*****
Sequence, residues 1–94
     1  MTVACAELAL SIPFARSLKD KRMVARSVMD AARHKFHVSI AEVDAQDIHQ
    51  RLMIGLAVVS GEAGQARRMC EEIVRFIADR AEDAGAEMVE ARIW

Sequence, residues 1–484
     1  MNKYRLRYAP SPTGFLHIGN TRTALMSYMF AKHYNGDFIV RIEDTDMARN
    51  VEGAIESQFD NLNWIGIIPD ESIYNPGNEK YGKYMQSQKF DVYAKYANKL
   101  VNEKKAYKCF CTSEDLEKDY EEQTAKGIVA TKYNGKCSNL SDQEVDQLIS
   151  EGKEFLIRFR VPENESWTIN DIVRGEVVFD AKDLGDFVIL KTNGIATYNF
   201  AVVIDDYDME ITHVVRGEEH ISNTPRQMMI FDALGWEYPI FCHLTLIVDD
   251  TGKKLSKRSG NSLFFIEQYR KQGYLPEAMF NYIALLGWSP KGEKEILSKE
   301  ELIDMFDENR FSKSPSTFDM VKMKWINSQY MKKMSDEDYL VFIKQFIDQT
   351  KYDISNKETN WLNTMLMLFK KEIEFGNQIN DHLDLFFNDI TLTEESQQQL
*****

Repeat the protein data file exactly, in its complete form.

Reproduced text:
Sequence, residues 1–94
     1  MTVACAELAL SIPFARSLKD KRMVARSVMD AARHKFHVSI AEVDAQDIHQ
    51  RLMIGLAVVS GEAGQARRMC EEIVRFIADR AEDAGAEMVE ARIW

Sequence, residues 1–484
     1  MNKYRLRYAP SPTGFLHIGN TRTALMSYMF AKHYNGDFIV RIEDTDMARN
    51  VEGAIESQFD NLNWIGIIPD ESIYNPGNEK YGKYMQSQKF DVYAKYANKL
   101  VNEKKAYKCF CTSEDLEKDY EEQTAKGIVA TKYNGKCSNL SDQEVDQLIS
   151  EGKEFLIRFR VPENESWTIN DIVRGEVVFD AKDLGDFVIL KTNGIATYNF
   201  AVVIDDYDME ITHVVRGEEH ISNTPRQMMI FDALGWEYPI FCHLTLIVDD
   251  TGKKLSKRSG NSLFFIEQYR KQGYLPEAMF NYIALLGWSP KGEKEILSKE
   301  ELIDMFDENR FSKSPSTFDM VKMKWINSQY MKKMSDEDYL VFIKQFIDQT
   351  KYDISNKETN WLNTMLMLFK KEIEFGNQIN DHLDLFFNDI TLTEESQQQL